For many years, the most prevalent method for dealing with poor quality or contaminated soil was to remove it, treat it off-site, and replace it with better material. This is a massive logistical undertaking involving numerous truck movements, sometimes in densely populated areas. Environmentally, economically, logistically, and socially, this was not a sustainable solution to the soil problem.
Recently, there has been a discernible shift towards the more sustainable approach of treating the soils on-site and making them construction-ready, without the need for unnecessary logistics.
In the field of soil stabilisation, Ecocem has a long history of providing a variety of binder solutions, ranging from pure GGBS that can be blended on-site with the appropriate amount of CEM I or Quick Lime, to a CEM III/A binder composed of 50% GGBS and 50% CEM I, and even a high-GGBS binder (70%) for the most technically demanding situations. These solutions can provide both technical and environmental benefits over the CEM I heavy options that have been used more frequently to date.
This range of products enables Ecocem to cover a wide range of applications, including geotechnical improvements, brownfield remediation (stabilisation of heavy metals and hydrocarbons), sulphatic soils treatment (swelling suppression), and port dredged sediments valorisation. To illustrate these capabilities, we have outlined two such case study examples below:
Geotechnical improvement for residential home development in Porterstown, Co Dublin. Image: (2020) Newton Ground Engineering
On this worksite, the contractor opted for Ecocem’s CEM III/A solution to enhance the geotechnical properties of the existing on-site soils, aiming for higher shear strength (> 130 kPa) and CBR (> 15%) than were initially observed. Treatment was performed by mixing the soil with 3% of CEM III/A.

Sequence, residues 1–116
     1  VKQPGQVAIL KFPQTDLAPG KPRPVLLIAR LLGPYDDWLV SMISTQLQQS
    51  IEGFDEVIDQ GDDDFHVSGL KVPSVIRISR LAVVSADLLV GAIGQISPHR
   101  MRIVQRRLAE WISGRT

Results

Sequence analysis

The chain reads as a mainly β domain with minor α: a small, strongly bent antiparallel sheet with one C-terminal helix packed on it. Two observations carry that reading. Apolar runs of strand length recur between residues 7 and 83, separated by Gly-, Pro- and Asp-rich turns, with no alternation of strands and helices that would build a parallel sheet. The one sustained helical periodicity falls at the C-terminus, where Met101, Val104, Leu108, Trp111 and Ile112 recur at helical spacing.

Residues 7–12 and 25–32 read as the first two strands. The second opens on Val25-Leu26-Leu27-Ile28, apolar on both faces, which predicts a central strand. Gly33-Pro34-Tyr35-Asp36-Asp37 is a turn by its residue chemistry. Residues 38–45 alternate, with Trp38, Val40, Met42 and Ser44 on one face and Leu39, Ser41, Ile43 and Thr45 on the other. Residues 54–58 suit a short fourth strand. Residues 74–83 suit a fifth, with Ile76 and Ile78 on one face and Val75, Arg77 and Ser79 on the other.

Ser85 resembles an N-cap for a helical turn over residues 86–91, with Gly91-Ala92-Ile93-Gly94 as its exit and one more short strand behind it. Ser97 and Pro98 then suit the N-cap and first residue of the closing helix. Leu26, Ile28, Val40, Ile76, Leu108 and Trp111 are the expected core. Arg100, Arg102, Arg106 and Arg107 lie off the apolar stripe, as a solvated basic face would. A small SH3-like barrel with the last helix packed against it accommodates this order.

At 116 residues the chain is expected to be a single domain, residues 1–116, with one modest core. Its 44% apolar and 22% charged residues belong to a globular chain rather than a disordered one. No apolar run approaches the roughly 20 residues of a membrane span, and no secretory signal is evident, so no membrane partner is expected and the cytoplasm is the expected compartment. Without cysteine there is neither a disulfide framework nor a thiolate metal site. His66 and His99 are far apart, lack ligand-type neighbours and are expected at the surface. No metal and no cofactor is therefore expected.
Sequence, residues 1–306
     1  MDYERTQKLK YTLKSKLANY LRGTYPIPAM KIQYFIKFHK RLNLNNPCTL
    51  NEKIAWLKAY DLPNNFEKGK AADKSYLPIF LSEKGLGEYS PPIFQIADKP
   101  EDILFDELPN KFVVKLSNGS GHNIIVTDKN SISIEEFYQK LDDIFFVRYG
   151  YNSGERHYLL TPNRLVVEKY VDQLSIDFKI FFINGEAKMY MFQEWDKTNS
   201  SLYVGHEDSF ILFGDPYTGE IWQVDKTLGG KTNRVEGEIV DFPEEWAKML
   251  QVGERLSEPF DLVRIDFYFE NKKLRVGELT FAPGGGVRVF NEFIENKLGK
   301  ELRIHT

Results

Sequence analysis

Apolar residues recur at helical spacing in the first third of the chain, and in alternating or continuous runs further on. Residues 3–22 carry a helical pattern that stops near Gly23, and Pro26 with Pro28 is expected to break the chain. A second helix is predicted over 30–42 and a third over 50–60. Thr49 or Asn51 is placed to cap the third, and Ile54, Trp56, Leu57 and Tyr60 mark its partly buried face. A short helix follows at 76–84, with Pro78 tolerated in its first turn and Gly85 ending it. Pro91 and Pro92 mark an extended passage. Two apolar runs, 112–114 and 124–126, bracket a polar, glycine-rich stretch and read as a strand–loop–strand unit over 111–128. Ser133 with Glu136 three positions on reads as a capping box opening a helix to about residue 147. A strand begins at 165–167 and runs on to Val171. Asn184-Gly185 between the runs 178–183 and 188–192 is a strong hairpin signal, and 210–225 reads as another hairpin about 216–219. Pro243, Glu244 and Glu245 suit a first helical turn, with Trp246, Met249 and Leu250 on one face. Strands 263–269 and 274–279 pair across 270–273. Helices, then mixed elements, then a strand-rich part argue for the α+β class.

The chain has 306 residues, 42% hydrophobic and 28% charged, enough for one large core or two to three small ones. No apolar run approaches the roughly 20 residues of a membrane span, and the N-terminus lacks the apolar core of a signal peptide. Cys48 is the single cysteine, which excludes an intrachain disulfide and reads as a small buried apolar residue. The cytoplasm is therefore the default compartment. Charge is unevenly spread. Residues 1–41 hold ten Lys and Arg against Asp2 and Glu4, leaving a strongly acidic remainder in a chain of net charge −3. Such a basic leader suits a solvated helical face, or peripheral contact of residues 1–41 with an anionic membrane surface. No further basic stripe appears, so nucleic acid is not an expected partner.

Within three days, the performance met and substantially exceeded the specified requirements. In this realisation, the environmental benefits are essentially: a drastic reduction in the carbon footprint of the chosen solution, up to 50% compared to traditional practices involving pure CEM I treatments, and the elimination of unnecessary transport of additional raw materials to provide geotechnical improvement (aggregates).
Howth port extension recycling dredged and polluted sediments. Image: (2021) John Sisk & Son
The objective of this project was to valorize the Howth port dredged sediments. In addition to presenting high-moisture content (w > 60%) and relatively fine grains (passing at 80 µm > 90%), these sediments were contaminated with multiple heavy metals (zinc, copper, nickel) and organotin’s (TBT).
With the assistance of the EPA, the contractor aimed to treat sediments to improve their geotechnical properties and to ensure that all identified pollutants were effectively captured by the solidified matrix.
This project's completion resulted in the construction of a port extension utilising only the treated sediments that were directly dredged in the port. Geotechnical performance was achieved within seven days, and pollutant leaching was reduced below the EA requirements and further monitored on-site for several months
The environmental benefits of this project of on-site stabilisation are essentially the following: circular economy through the direct valorisation of sediments on site, avoidance of their discharge in a specific landfill, and a significant reduction in the amount of road transport that would have been required for material extraction and replacement.
In addition, the use of a binder with a high GGBS content (70% GGBS) and a low carbon footprint contributed to additional significant carbon reductions when compared to a binder containing only cement.
Howth Middle Pier near completion by John Sisk & Son Ltd
Established by Donal O’Riain in 2000 with the initial goal of bringing a low carbon cement to the Irish market, Ecocem’s mission is to pioneer low carbon cement technologies. In Ireland Ecocem operates out of their facility in Dublin’s Ringsend in the south docks.
This article was written by Aidan Fogarty, Quality Manager of Ecocem Ireland.